Second, Ragde's argument that a "night raid" is a breach of the peace is without legal basis. Although there is little case law on the "night raid" issue, the Arkansas Supreme Court recently held that a 4 a.m. repossession from the debtor's driveway was not a breach of the peace, reasoning:
There is no evidence that McClendon entered any gates, doors, or other barricades to reach the truck. He just attached the truck to his wrecker in the dead of the night and drove away. There was no confrontation with Baldwin. He was asleep when the truck was repossessed. The repossession was accomplished without breaching the peace according to our cases.
Oaklawn Bank v. Baldwin, 289 Ark. 79, 81, 709 S.W.2d 91 (1986). The Oaklawn Bank approach is persuasive. So long as the law permits automobiles to be repossessed from residential property, it is reasonable to allow the repossession to occur in the early morning hours. At that hour, a confrontation with the debtor is likely avoided, and the debtor is not subjected to the humiliation of having his or her automobile repossessed from a public place. Moreover,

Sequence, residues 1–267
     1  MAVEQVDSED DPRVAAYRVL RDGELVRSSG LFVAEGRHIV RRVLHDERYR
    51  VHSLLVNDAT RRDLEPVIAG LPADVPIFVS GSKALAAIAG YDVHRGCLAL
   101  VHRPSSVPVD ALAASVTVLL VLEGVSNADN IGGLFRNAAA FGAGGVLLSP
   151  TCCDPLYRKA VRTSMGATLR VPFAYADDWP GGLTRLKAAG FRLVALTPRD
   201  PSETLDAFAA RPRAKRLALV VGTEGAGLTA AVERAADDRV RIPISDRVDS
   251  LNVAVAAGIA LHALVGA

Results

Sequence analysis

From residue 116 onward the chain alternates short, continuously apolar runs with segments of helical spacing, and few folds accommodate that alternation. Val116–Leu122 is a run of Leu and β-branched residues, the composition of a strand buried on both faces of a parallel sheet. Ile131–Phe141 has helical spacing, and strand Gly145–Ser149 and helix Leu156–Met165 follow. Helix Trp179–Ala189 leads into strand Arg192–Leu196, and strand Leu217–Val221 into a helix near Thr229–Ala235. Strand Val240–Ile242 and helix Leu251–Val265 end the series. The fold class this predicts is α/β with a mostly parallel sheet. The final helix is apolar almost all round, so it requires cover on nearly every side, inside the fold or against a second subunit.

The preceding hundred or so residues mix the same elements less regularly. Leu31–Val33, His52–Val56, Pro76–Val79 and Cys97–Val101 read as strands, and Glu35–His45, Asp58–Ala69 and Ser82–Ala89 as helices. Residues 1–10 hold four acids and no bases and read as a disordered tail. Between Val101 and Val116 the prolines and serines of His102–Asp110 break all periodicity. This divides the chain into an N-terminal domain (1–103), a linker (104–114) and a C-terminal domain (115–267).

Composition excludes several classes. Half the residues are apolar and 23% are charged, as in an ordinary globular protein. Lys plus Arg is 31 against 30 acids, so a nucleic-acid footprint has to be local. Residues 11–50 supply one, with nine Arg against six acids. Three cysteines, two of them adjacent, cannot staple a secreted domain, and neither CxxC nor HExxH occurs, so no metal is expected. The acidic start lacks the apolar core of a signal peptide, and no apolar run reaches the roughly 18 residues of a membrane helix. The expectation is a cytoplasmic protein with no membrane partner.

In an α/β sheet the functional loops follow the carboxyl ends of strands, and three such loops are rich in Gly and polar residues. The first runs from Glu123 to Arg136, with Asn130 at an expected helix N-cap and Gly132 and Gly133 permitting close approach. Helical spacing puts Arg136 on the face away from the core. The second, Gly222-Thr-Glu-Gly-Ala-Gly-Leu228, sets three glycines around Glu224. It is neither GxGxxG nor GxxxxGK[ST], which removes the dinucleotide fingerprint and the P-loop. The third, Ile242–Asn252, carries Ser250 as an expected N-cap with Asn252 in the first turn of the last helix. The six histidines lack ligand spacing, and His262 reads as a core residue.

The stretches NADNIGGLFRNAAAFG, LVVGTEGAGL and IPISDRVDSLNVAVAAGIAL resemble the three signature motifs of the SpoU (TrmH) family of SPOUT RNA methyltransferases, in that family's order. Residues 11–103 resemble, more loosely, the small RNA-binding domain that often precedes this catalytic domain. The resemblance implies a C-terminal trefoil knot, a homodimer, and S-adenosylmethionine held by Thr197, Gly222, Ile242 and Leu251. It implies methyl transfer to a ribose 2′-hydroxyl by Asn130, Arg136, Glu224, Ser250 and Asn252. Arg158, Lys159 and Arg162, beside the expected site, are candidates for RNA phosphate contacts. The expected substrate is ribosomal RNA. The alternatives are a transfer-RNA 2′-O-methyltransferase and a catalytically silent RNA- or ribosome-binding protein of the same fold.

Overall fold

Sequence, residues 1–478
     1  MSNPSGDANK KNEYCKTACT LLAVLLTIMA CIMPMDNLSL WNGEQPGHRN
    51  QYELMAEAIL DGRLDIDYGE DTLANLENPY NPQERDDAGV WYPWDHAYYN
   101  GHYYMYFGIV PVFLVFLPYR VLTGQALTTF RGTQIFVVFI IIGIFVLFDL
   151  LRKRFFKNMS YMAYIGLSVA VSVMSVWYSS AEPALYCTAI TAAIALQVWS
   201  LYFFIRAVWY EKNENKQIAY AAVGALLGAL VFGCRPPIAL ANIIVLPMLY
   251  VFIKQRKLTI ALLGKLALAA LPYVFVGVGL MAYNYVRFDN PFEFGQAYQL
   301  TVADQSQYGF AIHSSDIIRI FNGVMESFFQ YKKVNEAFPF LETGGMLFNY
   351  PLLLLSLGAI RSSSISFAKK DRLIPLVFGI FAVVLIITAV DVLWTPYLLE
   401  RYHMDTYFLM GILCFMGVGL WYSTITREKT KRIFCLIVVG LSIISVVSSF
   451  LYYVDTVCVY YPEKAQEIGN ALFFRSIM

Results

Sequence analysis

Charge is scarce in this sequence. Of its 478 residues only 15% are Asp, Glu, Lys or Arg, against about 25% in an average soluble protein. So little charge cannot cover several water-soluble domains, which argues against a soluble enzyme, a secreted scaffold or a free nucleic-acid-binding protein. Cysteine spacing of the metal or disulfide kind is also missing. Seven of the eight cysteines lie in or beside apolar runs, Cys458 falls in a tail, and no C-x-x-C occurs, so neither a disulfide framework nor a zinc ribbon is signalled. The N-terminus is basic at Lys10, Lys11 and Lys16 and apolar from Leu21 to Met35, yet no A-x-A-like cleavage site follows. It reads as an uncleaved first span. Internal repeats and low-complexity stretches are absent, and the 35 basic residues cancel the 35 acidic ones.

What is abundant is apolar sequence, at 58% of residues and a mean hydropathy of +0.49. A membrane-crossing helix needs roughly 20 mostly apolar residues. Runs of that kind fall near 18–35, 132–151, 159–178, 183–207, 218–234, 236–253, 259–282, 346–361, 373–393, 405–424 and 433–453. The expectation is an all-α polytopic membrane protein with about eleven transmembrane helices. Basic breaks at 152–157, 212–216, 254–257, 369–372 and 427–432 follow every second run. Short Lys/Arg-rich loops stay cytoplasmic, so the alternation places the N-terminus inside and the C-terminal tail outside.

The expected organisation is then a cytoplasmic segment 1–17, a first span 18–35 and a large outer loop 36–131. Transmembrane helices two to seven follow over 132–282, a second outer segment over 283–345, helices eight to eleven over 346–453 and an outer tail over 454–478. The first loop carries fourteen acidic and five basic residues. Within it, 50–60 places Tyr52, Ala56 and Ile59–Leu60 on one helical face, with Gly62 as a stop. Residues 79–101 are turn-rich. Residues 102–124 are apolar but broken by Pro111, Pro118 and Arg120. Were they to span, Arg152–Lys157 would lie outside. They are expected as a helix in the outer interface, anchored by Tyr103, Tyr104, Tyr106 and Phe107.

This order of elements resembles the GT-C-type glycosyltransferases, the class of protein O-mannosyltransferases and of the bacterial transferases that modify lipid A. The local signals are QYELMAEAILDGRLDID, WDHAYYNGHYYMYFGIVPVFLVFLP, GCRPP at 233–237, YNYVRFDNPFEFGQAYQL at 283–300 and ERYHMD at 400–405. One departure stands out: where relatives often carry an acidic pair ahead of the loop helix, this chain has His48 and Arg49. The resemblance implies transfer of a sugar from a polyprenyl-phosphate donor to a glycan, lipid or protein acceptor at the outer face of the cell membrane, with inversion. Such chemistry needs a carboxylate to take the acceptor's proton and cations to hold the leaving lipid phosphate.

the business community must be given some latitude to pursue reasonable methods of collecting debts even though such methods often might result in some inconvenience or embarrassment to the debtor.
Jackson v. Peoples Fed. Credit Union, 25 Wn. App. 81, 84-85, 604 P.2d 1025 (1979), citing Dawson v. Associates Fin. Servs. Co. of Kan., Inc., 215 Kan. 814, 821, 529 P.2d 104 (1974). We hold that the circumstances of the Ragde repossession did not amount to a breach of the peace. The orders of summary judgment are affirmed.
The remainder of this opinion has no precedential value. Therefore, it will not be published, but it has been filed for public record. See RCW 2.06.040; CAR 14.
WEBSTER, J., concurs.
Because Ragde did not pay his debt, Peoples' repossession of the two automobiles pledged as collateral was both justified and lawful. RCW 62A.9-503 reads in pertinent part:
In taking possession a secured party may proceed without judicial process if this can be done without breach of the peace . . .
On the motion for summary judgment, Ragde presented no evidence of a breach of the peace.
I therefore join in affirming the judgment of dismissal.